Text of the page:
The second pillar is avodah, the practice of liturgical prayer, which continues to surprise and delight us in its power to enrich our lives. In daily davvening we take our place with our people in the promises and purposes of G-d, reminded again and again of His irrevocable promises to the Patriarchs. We sing His praises with them at the shore of the Red Sea, celebrating our deliverance, sobered by the righteous judgment that overtook our foes, of which not one was left. We hear again and again, as if for the first time, His promise to gather our people from the four corners of the earth, for not one letter of His word will go unfulfilled. Is He not the Blessed One, who says and performs, who decrees and fulfills? We rediscovered daily the faith-transforming power of the Passages of Praise, the time-honored wisdom of the prayer agenda mapped out in the Amidah, and the stability and challenge encountered as we join our people at the foot of Sinai, listening again to the living word of the one who never stops saying to us, "Shema Yisrael." And we leave His presence reoriented and renewed, having again pledged allegiance to Him in the stirring words of the Alenu.

The pillar of gemilut hasadim, deeds of lovingkindness, supports and informs us as we learn to understand the meaning of "true religion," which one New Covenant writer defined as "visiting orphans and widows in their affliction and keeping oneself unspotted by the world." His is a vision totally consonant with this third pillar. The splendid and rich tradition of Jewish ethical writings and discussion of the fine print behind "doing justly, loving mercy and walking humbly with your G-d" never ceases to chasten us, providing teaching, rebuke, correction, and training in righteousness, that we might be fully equipped for every good work.

In all these ways and more, we have become informed and transformed by our own heritage. We rejoice at the privilege of drinking from our own wells, the wells from which our fathers, and from which Yeshua and the Apostles also drank and were sustained. Besides these wells we meet with Yeshua today, and here He speaks with us anew.

At 2/01/2005 1:48 PM, Anonymous Anonymous said...

Kol hakavod! Rasid,

I, in part, wanted to be sure of my place in the World to Come, and also had some questions on this core principle. Here goes:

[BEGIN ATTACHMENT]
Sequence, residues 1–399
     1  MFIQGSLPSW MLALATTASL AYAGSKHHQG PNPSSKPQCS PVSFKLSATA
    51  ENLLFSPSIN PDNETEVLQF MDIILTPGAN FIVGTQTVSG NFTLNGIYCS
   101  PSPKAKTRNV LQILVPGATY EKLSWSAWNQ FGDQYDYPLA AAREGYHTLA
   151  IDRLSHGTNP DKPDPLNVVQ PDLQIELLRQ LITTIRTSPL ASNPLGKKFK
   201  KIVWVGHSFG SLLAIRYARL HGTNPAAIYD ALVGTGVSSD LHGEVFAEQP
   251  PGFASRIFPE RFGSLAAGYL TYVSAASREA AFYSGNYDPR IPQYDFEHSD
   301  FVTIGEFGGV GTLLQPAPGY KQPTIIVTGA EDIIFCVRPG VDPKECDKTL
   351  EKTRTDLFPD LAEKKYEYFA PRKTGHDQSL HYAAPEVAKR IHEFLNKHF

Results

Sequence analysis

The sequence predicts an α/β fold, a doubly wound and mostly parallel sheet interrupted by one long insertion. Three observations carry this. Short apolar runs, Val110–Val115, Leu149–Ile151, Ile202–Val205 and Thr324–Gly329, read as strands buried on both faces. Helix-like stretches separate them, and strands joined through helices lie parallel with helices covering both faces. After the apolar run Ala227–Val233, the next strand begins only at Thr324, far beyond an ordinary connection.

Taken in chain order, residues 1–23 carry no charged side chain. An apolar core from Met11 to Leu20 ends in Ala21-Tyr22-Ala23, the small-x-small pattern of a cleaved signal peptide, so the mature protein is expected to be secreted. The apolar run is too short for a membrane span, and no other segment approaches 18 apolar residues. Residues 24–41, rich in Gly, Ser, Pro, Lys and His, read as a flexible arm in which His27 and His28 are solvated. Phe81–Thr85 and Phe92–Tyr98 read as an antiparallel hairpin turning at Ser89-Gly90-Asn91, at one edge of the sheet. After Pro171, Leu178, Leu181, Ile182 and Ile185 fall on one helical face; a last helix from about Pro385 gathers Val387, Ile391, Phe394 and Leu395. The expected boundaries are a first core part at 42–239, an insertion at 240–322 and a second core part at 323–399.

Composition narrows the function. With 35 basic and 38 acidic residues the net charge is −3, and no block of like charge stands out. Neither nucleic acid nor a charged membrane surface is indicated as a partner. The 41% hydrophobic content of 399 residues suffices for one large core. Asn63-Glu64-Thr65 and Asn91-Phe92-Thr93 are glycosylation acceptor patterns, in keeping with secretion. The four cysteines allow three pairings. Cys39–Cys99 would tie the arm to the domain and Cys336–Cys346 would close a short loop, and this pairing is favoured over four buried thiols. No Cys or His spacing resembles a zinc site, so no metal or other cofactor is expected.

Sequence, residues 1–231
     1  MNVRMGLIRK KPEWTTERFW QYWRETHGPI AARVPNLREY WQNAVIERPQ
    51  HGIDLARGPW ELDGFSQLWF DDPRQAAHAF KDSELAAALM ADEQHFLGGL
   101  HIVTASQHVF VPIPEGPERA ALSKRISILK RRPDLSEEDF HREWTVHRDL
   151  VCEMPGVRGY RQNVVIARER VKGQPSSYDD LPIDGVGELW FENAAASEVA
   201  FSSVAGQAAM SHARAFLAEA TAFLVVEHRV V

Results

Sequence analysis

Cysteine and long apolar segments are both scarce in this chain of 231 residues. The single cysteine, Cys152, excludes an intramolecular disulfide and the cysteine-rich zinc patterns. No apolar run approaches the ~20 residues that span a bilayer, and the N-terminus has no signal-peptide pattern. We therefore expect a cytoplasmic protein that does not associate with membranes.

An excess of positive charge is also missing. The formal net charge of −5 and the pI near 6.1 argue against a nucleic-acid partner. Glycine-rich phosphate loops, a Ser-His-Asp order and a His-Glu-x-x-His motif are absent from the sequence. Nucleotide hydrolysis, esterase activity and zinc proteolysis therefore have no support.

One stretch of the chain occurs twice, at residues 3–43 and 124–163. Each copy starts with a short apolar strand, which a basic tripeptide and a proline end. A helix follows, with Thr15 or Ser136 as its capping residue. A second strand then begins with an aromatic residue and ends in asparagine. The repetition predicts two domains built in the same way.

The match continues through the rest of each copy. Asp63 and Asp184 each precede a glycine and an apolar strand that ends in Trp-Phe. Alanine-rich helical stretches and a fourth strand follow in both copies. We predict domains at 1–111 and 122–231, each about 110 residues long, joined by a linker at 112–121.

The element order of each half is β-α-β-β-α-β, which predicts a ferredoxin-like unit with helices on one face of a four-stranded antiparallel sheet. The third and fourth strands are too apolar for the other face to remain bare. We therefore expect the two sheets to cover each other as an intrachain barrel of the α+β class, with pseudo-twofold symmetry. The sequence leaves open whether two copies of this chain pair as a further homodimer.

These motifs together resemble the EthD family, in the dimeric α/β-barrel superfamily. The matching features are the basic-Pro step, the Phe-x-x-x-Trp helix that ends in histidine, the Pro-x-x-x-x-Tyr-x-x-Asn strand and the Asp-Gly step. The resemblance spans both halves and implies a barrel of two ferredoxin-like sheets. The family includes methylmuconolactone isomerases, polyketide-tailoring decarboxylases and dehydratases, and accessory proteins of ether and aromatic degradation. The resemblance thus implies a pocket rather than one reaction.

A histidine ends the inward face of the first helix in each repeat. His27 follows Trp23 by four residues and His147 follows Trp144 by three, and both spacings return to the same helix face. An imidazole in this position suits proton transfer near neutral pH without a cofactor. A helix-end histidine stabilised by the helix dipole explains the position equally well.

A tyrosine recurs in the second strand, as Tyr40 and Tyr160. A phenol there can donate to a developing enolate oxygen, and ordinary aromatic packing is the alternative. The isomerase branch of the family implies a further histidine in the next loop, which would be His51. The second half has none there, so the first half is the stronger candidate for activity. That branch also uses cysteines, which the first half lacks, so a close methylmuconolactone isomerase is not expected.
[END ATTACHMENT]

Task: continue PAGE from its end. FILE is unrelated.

1. While understanding, and deeply identifying witht this value, how do we define this? I've often wondered what the term "the rabbi's" or "our sages" really means. I must confess the I've used these terms to refer to a "consensus opinion" (if such a thing is possible in Judaism), yet also wonder: which rabbi's? which tradition? How can all the dessenting voices, the differing schools, and radically opposed views among the "rabbi's" all be lumped together to formulate the statement "our Jewish tradition says..."?

2. Okay the first question was long, but the second is even more poignant: Once we establish what we mean by "our Jewish tradition", how far do we take it? Although, I greatly admire, respect, and otherwise support R. Elk and Aaron, I think their approach is flawed. I've often said, "it's not Rabbinic Judaism + Yeshua; but Rabbinic Judaism x Yeshua." Where it is the product of an interminglying, and thus a varied, reconstructed type of Judaism. Such a Judaism is informed by Rabbinic tradition, and yet not just a composite of all that Orthodox Torah Judaism has to offer with Yeshua "sprinkled" on (which I don't think R. Elk and Aaron are trying to do, but which I think we can all be guilty of doing at times). Or to offer another example we sometimes seem to build a Rabbinic Judaism, Yeshua-following like a sandwich (each piece added to make a composite whole), rather than a stew (no pun intended--cholent if you like) where everything is thrown together and set to cook together making a mixture far more rich than each ingredient separately.

Okay, well just some thoughts and quesitons...hopefully I will be granted my share in the Olam Haba.